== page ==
I cannot describe how this word terrorises me. I try to put it off as much as possible, until it is far too late, and then I am shocked that I have not raised any finances. This involves attending as many fundraising workshops as I can - as a form of therapy. It is pretty straightforward, according to many of the spokespeople: It’s all down to preparation.
Then come the success stories. Theatre company crowd funding went extremely well - they exceeded their budget and, secured a transfer to a West End Show! Gulp! Leaving those sessions, inspired to start my own campaign, I get lost in the simplest of things. What prizes should I offer to those willing to contribute? A signed script? An opportunity to sit in rehearsals, although that’s not always viable when you are in the atrium of the Southbank and ushered along as visitors are getting disturbed. On the topic of gifts, remember do offer what you say, otherwise this can lead to grim stories of heartache. If you promise a bottle of wine give that bottle of wine, even if it’s a cheap one and your offer an expensive replacement that simply won’t do. Friendships have been dangling on such things. Posters are a favourite, however more often than not no one wants to spend 20 pounds on a signed poster when no one has heard of any of the cast or production team (although don’t dismiss this completely - you will be surprised the poster itself can be a piece of art.)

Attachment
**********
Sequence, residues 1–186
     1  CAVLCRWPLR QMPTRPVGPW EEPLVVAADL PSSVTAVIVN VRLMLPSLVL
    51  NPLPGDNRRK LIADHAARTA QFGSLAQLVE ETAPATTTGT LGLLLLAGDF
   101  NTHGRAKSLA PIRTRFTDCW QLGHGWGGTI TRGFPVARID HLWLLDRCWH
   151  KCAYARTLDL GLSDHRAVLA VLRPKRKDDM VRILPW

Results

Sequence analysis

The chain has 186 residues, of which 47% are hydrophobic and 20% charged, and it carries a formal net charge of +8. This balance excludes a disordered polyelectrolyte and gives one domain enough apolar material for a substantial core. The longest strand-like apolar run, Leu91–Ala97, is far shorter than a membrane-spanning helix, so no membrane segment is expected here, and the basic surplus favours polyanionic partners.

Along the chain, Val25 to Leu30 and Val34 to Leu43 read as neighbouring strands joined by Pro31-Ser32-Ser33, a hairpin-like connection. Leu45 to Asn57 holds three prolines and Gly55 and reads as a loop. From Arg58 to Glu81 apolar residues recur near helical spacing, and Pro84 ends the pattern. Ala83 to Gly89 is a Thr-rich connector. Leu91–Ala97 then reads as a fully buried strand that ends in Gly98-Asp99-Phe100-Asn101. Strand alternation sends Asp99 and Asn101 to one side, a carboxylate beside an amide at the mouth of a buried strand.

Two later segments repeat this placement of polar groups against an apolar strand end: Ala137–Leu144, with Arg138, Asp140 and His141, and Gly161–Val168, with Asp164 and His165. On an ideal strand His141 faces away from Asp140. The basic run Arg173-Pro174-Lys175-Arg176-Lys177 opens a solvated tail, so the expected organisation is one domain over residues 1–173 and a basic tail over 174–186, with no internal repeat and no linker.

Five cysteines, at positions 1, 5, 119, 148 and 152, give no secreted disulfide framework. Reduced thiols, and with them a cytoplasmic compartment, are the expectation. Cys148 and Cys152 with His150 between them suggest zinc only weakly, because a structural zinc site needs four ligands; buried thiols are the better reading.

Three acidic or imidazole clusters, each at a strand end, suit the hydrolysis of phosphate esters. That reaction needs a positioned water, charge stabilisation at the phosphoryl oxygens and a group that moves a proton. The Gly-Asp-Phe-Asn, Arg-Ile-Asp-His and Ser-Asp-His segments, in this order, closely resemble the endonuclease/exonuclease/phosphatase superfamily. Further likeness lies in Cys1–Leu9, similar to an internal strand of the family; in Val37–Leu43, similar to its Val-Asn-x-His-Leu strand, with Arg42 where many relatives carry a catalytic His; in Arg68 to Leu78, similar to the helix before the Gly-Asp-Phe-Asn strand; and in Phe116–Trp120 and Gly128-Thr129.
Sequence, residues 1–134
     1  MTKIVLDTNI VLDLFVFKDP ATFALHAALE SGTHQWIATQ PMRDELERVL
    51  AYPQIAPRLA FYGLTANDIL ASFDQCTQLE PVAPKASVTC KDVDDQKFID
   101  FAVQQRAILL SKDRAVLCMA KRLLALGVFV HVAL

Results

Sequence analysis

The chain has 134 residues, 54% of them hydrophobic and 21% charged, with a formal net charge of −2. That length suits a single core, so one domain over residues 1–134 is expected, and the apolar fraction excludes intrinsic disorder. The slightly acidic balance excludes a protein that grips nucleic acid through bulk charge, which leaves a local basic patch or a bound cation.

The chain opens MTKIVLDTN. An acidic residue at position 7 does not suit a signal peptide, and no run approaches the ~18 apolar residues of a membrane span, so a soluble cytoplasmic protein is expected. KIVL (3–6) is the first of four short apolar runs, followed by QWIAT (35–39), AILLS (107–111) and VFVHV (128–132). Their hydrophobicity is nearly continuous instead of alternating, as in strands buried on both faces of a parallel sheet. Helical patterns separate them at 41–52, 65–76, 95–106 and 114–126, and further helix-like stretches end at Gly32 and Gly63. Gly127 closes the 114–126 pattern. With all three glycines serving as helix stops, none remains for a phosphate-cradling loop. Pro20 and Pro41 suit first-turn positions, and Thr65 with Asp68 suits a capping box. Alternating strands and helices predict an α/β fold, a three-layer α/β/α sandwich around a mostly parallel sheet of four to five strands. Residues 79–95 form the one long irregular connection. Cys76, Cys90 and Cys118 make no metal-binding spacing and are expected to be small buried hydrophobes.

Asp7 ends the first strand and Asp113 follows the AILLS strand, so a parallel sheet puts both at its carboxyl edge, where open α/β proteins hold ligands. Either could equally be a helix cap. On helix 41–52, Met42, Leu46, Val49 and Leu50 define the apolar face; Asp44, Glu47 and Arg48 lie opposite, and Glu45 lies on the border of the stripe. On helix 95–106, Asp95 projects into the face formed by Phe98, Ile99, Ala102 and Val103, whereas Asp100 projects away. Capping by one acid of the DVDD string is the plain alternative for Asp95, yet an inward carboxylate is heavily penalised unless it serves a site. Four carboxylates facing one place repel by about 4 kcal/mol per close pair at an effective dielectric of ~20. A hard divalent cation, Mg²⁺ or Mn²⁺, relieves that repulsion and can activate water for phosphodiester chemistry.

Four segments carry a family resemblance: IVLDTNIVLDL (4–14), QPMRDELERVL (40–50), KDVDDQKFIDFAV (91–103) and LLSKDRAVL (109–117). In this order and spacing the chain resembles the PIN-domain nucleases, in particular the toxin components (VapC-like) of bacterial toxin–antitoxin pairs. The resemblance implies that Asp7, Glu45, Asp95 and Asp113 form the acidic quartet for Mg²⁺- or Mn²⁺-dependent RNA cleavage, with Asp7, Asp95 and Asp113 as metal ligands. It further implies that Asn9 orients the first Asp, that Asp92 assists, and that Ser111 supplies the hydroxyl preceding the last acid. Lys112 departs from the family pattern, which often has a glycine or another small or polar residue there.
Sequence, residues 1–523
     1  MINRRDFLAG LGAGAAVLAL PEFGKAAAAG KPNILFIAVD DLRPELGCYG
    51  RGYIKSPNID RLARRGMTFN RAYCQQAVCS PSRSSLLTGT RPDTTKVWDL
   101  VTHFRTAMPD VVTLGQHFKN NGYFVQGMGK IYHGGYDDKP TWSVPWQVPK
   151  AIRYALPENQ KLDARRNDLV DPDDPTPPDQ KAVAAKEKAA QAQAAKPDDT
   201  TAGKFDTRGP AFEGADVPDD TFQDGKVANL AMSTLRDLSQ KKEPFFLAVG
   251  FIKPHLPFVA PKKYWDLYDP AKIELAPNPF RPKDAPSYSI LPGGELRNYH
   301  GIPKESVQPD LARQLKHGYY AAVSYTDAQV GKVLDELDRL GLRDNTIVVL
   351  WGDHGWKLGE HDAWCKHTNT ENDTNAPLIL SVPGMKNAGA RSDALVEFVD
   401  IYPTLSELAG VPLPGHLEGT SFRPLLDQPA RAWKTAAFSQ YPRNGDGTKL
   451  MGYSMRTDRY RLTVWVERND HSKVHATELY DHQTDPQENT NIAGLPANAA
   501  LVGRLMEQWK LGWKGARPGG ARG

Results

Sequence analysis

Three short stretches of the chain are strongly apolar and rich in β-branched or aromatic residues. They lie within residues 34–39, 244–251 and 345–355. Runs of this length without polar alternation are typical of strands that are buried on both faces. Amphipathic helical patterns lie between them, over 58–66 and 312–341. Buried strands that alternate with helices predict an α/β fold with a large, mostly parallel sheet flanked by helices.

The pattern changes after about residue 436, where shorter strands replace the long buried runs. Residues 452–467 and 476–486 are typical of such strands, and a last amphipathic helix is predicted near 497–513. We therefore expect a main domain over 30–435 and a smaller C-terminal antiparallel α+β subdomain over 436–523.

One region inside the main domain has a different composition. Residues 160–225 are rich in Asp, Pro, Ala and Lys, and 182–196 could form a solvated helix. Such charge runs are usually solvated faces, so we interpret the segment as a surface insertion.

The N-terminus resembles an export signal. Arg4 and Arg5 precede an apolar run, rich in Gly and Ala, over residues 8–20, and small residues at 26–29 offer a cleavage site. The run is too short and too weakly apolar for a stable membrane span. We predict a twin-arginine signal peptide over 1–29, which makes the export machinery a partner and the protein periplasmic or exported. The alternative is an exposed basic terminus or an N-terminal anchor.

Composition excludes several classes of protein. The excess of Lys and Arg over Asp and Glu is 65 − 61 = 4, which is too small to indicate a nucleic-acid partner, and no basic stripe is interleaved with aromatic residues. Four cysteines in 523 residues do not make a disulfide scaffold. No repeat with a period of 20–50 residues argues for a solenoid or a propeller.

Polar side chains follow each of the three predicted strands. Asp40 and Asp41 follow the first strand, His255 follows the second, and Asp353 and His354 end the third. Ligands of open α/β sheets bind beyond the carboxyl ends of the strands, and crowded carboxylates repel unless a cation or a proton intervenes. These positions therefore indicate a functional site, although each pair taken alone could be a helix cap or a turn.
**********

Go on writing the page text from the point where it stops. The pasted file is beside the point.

Then, we’re told, self-promotion on video plays a key part. This is where you sell your show and where you entice the audience into investing in your production. Try a ‘relaxed’ approach, injected with a bit of humour, followed by the subject of the piece. But this may vary - if it is a war torn political piece, feign remorse and appear worthy! And if its a comedy or musical, best not sing a note from the show, that can produce severe irritation all round.
A few things to ponder, but I can say for sure that my poster is worth purchasing as the artwork is spectacular - and well worth the 20 Pounds!